The unfortunate reality for those who lose a smartphone is the cost to replace the hardware should be the least of your worries. Rather, the data that resides on the smartphone -- including potentially sensitive information about your company's plans, sales, and customers -- isn't something you want falling into the wrong hands.
"Organizations have been hearing a lot about the threat of mobile security breaches. However different from PCs, the threat on mobile isn't the compromise of the device itself to be taken over and used for malicious ends, it's the data that resides on these devices that should be the critical area of focus for organizations," says Chris Silva, executive vice president for research and service delivery at IANS, a Boston Mass.-based IT research company.
"Therefore, the threat of viruses and malware, while still nascent and therefore not an area of intense focus, is not where most organizations should be focused. Rather, their sights should be set on how to protect the data on devices such as customer information, e-mails, contact details, and other sensitive information," adds Silva.
Locking a smartphone with a password isn't enough. Instead, many vendors, and third-party software developers, are offering ways to remotely wipe the data from lost or stolen smartphone.
"The way it's done is a small packet of data is sent down to the device's firmware, remotely, that will start to scrub the device of its information," explains Ken Dulaney, vice president of mobile computing at the Stamford, Conn.-based Gartner research and consulting group. "Most consumers could probably care less about this, but it's incredibly important for businesses to have a remote wipe feature in place for its employee's phones."
Using GPS and/or cellular triangulation, you might also be able to track a missing phone -- say, if you left it at a nearby restaurant after a business lunch -- or if stolen, the information could be given to the authorities to pursue.
Whether you use a BlackBerry, iPhone, or Windows device, here's a look at the offerings (and cost) of what's available today:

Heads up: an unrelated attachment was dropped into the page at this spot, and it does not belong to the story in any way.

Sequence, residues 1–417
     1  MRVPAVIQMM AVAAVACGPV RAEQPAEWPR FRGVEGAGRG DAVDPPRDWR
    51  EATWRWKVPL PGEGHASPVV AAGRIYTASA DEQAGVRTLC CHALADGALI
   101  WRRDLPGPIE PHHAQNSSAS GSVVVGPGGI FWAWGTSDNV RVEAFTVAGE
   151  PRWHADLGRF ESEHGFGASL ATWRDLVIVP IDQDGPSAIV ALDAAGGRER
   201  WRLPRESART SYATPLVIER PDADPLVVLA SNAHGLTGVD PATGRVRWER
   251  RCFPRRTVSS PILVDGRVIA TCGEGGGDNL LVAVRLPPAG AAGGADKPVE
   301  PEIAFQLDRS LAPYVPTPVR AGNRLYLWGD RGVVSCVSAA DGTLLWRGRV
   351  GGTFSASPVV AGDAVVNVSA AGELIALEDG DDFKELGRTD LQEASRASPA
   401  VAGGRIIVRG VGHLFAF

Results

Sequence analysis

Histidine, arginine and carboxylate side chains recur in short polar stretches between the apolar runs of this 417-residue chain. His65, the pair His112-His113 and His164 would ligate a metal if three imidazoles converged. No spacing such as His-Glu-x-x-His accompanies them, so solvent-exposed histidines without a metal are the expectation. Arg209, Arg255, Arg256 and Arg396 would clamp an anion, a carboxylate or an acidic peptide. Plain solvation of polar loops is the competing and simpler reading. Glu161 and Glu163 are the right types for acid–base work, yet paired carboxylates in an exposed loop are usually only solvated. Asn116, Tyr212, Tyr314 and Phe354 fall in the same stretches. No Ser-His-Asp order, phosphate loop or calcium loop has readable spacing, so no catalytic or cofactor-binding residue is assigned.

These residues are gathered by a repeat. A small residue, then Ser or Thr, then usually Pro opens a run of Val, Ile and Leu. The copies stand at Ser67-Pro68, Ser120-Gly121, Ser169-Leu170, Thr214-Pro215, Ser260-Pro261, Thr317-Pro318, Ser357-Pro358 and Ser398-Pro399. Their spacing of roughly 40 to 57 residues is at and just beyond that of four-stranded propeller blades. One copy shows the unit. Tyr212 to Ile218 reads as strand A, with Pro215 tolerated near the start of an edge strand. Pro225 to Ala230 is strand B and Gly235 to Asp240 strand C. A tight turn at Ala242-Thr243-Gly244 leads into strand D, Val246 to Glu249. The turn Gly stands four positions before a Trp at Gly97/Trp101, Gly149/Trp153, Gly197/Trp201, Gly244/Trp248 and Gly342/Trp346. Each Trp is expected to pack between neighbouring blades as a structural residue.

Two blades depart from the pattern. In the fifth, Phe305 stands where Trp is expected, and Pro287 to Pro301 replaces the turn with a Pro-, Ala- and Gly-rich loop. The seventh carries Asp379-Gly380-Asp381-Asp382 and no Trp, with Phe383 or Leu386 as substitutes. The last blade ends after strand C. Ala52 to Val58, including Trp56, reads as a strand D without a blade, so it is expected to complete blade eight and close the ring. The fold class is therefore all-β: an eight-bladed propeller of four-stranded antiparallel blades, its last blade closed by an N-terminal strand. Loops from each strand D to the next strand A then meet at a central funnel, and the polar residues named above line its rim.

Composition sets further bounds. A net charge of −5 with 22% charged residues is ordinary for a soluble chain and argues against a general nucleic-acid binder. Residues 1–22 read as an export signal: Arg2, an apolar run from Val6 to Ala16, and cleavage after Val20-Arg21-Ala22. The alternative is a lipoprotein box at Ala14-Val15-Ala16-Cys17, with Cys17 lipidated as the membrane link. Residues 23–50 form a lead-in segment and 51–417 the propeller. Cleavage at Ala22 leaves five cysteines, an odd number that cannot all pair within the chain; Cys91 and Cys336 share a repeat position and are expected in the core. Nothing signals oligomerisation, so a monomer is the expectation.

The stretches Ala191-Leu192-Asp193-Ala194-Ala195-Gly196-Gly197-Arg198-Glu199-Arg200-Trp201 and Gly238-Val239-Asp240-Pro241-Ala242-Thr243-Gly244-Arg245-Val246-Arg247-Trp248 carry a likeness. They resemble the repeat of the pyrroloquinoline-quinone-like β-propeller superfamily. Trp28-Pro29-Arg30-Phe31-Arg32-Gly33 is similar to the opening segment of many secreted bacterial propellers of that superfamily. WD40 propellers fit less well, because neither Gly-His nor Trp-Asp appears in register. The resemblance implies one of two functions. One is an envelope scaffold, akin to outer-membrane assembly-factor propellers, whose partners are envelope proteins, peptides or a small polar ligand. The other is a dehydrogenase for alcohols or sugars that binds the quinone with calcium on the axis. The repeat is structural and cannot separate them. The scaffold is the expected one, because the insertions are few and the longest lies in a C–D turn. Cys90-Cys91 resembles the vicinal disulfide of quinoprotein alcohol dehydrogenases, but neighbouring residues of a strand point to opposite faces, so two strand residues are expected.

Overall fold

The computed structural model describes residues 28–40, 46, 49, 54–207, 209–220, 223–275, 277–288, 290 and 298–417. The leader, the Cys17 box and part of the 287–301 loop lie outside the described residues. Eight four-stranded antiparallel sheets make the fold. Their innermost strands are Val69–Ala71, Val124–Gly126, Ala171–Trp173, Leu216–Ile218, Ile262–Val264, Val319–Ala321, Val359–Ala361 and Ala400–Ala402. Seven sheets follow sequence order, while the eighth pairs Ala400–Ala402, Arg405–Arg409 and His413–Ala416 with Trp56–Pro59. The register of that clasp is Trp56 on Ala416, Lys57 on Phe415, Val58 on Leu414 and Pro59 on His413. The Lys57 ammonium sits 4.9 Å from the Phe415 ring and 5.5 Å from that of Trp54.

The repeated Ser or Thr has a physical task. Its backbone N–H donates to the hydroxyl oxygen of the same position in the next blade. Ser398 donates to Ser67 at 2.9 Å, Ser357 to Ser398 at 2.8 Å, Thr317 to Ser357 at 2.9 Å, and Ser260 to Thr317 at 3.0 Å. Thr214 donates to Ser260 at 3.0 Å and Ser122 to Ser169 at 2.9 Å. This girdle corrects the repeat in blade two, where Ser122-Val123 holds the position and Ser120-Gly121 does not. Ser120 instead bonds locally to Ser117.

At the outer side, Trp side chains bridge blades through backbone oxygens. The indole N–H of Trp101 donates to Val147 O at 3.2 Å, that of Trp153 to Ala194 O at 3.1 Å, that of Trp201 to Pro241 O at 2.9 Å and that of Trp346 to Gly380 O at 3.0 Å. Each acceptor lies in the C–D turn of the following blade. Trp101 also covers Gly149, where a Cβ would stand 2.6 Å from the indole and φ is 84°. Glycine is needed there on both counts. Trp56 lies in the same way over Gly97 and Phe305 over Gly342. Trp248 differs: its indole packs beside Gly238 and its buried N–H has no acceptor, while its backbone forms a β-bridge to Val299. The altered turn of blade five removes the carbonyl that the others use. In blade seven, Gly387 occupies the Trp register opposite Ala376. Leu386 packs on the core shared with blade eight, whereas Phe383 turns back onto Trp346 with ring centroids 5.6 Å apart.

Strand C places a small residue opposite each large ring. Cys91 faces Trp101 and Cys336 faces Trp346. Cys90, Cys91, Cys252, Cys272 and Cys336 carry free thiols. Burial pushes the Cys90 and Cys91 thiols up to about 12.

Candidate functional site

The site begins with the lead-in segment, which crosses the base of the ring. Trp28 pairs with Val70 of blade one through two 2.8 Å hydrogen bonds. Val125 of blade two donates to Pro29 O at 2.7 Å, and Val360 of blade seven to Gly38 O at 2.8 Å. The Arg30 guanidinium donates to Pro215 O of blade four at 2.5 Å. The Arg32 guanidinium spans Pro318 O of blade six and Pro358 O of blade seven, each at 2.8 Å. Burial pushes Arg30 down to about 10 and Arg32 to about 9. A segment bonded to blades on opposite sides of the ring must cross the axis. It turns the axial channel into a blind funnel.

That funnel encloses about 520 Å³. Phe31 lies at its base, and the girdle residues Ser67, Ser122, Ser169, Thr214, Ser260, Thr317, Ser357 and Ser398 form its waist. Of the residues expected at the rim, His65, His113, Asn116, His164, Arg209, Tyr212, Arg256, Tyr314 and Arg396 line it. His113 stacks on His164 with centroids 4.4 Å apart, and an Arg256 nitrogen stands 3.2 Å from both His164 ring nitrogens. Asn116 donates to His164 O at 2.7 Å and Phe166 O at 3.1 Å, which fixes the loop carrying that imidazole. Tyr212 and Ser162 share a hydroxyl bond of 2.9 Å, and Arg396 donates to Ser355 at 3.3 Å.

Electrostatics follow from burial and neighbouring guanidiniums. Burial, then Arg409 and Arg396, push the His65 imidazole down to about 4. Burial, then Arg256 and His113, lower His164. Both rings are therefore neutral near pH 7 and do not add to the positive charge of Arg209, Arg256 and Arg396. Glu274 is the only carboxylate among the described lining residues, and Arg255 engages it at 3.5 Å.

Apple's MobileMe service ($99/year), which synchronizes all of your information between Apple devices -- such as e-mail, contacts, and calendars -- can also be used to remotely lock, wipe, or locate a lost or stolen iPhone.
When you realize your phone is missing, the first step is to log into your MobileMe account on a computer and remotely set a four-digit passcode lock to prevent anyone from using it.
Then, you can have it ring (in case you left it under a pile of clothes), type a text message that appears on the iPhone's screen (e.g. "Please call me if found") or you might want to locate the phone on a map.
If this, too, proves unsuccessful, you might want to remotely wipe the iPhone's data, which is also an option once logged into your MobileMe account. Or you can do this through a Microsoft Exchange Server wipe command, too.
Designed for Windows Mobile 6.0 phones (and newer), Microsoft's My Phone (free) offers a number of handy features including automatic back-ups of your phone's info (such as contacts, e-mails, and text messages) and the ability to access it all online.
Once you sign up for the service, you can erase your phone if it is missing by sending a command to restore the device to its original factory settings. My Phone can also find your lost phone by pinpointing the last location it was synchronized.
Many phones -- including the upcoming Windows Phone 7 devices -- will have My Phone already bundled on the phone but it's also available as a free download.
There are a few free third-party tools available for users of Research in Motion's BlackBerry smartphones.
For one, SmrtGuard lets you remotely track or wipe your phone. A "Pro" version of the software also gives a "data protection package," enabling you to backup and restore your data.
BuddyGuard also lets you remotely access, lock, wipe, or retrieve a missing BlackBerry (via GPS). Similar to MobileMe, you can also have the BlackBerry emit a loud tone -- even if the phone was left in silent mode -- if you suspect the device is somewhere in the home, car, or office.